Giraffids were once very diverse and widespread throughout Africa, Asia, and Europe. Presently, only two genera with one species per genera are extant within the family Giraffidae: the giraffe, Giraffa camelopardalis, and the okapi, Okapia johnstoni. The art and science of the giraffe anesthesia remains a challenge due to their unique anatomy and physiology, which presents inherent risks during chemical restraint and, consequently, can result in unacceptable morbidity or mortality. The most commonly used drugs for analgesia in the giraffids are nonsteroidal anti-inflammatory drugs (NSAIDs). Flunixin meglumine (IV, IM, or PO, 1.0-2.0 mg/kg SID), phenylbutazone (PO, 1.0-3.0 mg/ kg SID to BID), and ketoprofen (IV or IM, 0.5 to 2.0 mg/ kg SID). This chapter discusses physical and mechanical restraint, endotracheal intubation, sedation and tranquilization and anesthesia of the giraffids.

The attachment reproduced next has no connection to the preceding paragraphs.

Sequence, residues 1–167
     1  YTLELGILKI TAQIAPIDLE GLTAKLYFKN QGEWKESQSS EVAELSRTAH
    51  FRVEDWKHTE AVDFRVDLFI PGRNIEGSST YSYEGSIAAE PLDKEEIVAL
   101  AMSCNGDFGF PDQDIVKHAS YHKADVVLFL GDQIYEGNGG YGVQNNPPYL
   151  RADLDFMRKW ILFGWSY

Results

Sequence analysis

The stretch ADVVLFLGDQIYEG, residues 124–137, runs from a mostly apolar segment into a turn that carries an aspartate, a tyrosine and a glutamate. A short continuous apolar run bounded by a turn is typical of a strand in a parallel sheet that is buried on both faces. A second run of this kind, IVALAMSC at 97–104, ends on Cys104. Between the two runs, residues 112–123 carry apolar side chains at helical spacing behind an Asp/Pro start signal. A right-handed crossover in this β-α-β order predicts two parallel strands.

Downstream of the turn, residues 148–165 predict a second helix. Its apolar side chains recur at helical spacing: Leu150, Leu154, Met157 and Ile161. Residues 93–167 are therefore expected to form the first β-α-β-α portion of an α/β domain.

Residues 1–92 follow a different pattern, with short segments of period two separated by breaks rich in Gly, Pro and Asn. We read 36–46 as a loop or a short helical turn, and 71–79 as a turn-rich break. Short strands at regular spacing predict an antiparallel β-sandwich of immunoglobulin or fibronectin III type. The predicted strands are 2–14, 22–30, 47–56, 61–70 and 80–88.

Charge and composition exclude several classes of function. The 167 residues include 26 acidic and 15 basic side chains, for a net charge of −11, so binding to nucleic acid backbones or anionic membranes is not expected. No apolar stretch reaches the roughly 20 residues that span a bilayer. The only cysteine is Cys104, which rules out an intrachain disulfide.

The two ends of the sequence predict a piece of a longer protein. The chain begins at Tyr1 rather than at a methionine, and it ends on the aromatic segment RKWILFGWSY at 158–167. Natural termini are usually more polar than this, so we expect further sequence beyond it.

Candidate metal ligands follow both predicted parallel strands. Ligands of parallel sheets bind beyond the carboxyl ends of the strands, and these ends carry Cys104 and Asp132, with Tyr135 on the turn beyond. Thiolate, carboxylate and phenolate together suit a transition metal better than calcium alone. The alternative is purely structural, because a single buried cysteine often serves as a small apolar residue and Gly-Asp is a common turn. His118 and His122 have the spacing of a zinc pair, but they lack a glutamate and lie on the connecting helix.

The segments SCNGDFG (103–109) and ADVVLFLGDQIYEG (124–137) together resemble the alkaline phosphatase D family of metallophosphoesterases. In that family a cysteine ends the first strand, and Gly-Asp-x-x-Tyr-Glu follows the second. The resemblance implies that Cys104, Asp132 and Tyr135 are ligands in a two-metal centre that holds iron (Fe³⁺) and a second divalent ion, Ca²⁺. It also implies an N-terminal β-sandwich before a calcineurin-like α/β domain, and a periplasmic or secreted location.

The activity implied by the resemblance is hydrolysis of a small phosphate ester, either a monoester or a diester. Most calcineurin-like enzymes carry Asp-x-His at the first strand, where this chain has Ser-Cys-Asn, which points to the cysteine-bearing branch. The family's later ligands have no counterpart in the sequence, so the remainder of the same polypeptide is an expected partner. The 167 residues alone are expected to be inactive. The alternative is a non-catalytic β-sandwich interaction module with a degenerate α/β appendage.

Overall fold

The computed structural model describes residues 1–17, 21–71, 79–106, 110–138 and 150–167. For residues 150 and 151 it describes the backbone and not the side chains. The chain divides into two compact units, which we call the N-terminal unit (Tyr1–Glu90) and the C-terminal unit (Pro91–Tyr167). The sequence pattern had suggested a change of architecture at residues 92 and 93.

|Original language||English (US)|
|Title of host publication||Zoo Animal and Wildlife Immobilization and Anesthesia|
|Subtitle of host publication||Second Edition|
|Number of pages||13|
|State||Published - Sep 15 2014|
- Endotracheal intubation
ASJC Scopus subject areas